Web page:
Tuesday, January 13, 2009


A nutty addition to a healthy diet

Eating a handful of nuts is an enjoyment for most people. But the thought of fat in nuts keep some from savoring that pleasure.

Nuts, known as tree nuts, include almonds, brazils, cashews, hazelnuts, macadamias, pecans, pine nuts, pistachios and walnuts. They are an easy way to add flavor and nutrition to any meal or snack.

While nuts are relatively high in fat, most of that fat is unsaturated. Saturated fats, found in mainly animal products, raise blood cholesterol levels, which can increase the risk of a heart attack or stroke. But unsaturated fats, mono and polyunsaturated found in plants foods, have been shown to decrease low density lipoproteins (LDL or “bad cholesterol”) levels.

Research studies have shown that many different kinds of nuts are helpful in reducing the risk of cancer and elevated blood pressure as well as reducing the risk of heart disease. What’s more, new research shows that eating plans that include nuts are satisfying, leading people to eat less and control their weight.

Though the unsaturated fats in nuts play a role in the prevention of heart disease, other nutrients may also be important. Nuts provide a power house line up of nutrients: protein, carbohydrate, fiber and a wide variety of vitamins and minerals, such as folic acid, niacin, vitamin E, selenium, potassium and zinc.

Another less known essential nutrient, choline, which is found in nuts, has gotten recent media attention in regards to inadequate intakes in pregnant and breast feeding women. Choline plays a role in unborn and infant brain development, therefore, breastfeeding and pregnant women are recommended to increase their consumption of foods practically rich in choline.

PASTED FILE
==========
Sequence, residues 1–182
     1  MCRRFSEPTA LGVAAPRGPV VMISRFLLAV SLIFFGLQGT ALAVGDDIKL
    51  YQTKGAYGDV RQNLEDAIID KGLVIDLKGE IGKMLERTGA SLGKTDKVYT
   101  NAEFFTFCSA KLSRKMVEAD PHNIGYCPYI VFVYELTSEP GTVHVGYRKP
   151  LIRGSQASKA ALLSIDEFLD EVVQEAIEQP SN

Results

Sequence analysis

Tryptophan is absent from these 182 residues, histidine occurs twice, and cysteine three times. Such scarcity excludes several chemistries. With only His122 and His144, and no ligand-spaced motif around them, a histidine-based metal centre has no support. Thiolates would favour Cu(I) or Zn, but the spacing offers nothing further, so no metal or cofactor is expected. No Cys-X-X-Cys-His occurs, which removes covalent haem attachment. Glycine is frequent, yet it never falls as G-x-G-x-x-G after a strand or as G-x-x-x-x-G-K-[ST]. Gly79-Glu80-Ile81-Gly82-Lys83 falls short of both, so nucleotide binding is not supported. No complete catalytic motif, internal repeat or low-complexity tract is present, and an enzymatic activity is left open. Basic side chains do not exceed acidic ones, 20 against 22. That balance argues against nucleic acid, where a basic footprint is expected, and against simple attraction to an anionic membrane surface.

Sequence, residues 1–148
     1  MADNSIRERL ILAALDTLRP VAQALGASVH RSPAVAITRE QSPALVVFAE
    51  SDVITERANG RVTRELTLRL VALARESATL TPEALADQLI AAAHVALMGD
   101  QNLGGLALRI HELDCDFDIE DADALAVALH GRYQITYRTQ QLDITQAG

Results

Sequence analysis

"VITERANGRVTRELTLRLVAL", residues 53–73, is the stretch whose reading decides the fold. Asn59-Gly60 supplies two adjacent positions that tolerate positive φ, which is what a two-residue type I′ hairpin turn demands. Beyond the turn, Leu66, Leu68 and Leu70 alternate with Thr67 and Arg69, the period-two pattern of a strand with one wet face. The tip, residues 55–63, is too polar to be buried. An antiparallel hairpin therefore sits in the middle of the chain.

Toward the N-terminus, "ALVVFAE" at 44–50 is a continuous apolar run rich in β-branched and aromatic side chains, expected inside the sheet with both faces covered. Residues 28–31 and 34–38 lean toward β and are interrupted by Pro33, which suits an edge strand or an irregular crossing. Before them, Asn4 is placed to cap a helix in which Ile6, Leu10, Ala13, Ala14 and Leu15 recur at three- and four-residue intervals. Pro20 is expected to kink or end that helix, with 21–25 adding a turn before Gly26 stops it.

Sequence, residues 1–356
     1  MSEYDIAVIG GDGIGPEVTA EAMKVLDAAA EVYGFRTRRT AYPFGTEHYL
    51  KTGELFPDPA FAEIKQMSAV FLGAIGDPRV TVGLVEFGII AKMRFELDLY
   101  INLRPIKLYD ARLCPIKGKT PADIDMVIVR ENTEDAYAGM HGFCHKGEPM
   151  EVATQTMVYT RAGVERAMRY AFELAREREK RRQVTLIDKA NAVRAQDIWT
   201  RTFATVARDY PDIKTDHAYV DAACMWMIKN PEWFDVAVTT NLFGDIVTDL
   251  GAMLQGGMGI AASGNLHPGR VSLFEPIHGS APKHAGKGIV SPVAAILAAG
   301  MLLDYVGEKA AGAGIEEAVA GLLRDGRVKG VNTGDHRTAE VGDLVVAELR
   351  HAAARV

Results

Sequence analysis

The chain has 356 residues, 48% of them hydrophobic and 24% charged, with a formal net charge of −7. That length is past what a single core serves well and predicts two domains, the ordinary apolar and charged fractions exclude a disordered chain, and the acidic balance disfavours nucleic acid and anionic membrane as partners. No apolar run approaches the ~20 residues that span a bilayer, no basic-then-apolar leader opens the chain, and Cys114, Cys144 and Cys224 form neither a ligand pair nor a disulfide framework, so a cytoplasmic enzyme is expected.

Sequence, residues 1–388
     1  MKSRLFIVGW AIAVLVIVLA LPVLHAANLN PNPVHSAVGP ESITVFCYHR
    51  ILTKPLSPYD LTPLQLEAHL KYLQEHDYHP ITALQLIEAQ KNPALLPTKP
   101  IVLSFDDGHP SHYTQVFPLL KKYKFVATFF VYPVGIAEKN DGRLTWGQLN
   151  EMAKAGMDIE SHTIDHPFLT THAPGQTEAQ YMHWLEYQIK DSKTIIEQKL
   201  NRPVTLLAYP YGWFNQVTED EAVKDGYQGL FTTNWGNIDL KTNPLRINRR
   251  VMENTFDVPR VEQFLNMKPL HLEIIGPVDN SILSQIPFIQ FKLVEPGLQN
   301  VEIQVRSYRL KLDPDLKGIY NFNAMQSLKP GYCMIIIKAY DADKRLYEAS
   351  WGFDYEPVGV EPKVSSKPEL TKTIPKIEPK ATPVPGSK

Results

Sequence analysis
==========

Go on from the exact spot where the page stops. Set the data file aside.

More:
In addition, a handful of nuts provide a wide variety of phytochemicals, or plant compounds, that may help reduce the risk of heart disease and cancer.

Aim for unsalted or non sugar coated nuts when purchasing. When buying whole, unshelled nuts, be sure to look for clean shells without cracks -- the exception is pistachios. Whole, raw shelled nuts should appear fairly uniform in color and size.

To keep nuts as fresh as possible, store them in an air-tight container in the refrigerator for up to six months or up to one year in the freezer.

Easy ways to incorporate nuts into your diet are:
• Sprinkle in hot or cold cereals
• Top yogurt with nuts and fruit
• Eat them as a snack mixed with dried fruit
• Try unshelled nuts to slow down eating time (can help with portion control)
• Instead of using meat, toss some nuts in your salad or pasta
• Experiment with different nuts in muffin or pancake recipes
• Add some ground nuts to bread crumb fish coating.

Nuts are delicious addition to just about any food. As tasty and versatile as they are, nuts can spruce up everyday recipes as well. Incorporating nuts into a healthy diet can have many health benefits although the total fat in nuts is high, so watch your portions… and go nuts!

Sarah Hospod is a registered dietitian in the Food and Nutrition Department at The William W. Backus Hospital in Norwich. This column should not replace advice or instruction from your personal physician. E-mail Hospod and all of the Healthy Living columnists at healthyliving@wwbh.org or comment on their blog at healthydocs.blogspot.com.

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